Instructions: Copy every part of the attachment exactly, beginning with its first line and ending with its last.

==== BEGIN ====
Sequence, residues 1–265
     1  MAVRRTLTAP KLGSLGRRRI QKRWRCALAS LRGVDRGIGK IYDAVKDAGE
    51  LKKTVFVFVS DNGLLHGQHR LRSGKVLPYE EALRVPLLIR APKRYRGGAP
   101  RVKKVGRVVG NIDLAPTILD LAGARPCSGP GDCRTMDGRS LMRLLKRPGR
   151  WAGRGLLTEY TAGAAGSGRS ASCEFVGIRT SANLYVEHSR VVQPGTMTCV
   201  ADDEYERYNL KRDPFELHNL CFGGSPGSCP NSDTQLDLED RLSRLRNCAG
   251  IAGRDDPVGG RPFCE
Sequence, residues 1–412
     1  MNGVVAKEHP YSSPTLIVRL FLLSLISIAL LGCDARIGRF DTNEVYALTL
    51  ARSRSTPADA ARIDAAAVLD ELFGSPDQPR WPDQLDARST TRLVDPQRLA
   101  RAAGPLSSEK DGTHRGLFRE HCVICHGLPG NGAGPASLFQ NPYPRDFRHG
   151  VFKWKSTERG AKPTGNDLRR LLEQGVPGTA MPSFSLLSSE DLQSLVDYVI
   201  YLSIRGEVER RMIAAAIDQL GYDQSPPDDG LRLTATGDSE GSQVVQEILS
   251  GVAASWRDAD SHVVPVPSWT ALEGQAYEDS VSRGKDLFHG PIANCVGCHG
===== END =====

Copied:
Sequence, residues 1–265
     1  MAVRRTLTAP KLGSLGRRRI QKRWRCALAS LRGVDRGIGK IYDAVKDAGE
    51  LKKTVFVFVS DNGLLHGQHR LRSGKVLPYE EALRVPLLIR APKRYRGGAP
   101  RVKKVGRVVG NIDLAPTILD LAGARPCSGP GDCRTMDGRS LMRLLKRPGR
   151  WAGRGLLTEY TAGAAGSGRS ASCEFVGIRT SANLYVEHSR VVQPGTMTCV
   201  ADDEYERYNL KRDPFELHNL CFGGSPGSCP NSDTQLDLED RLSRLRNCAG
   251  IAGRDDPVGG RPFCE
Sequence, residues 1–412
     1  MNGVVAKEHP YSSPTLIVRL FLLSLISIAL LGCDARIGRF DTNEVYALTL
    51  ARSRSTPADA ARIDAAAVLD ELFGSPDQPR WPDQLDARST TRLVDPQRLA
   101  RAAGPLSSEK DGTHRGLFRE HCVICHGLPG NGAGPASLFQ NPYPRDFRHG
   151  VFKWKSTERG AKPTGNDLRR LLEQGVPGTA MPSFSLLSSE DLQSLVDYVI
   201  YLSIRGEVER RMIAAAIDQL GYDQSPPDDG LRLTATGDSE GSQVVQEILS
   251  GVAASWRDAD SHVVPVPSWT ALEGQAYEDS VSRGKDLFHG PIANCVGCHG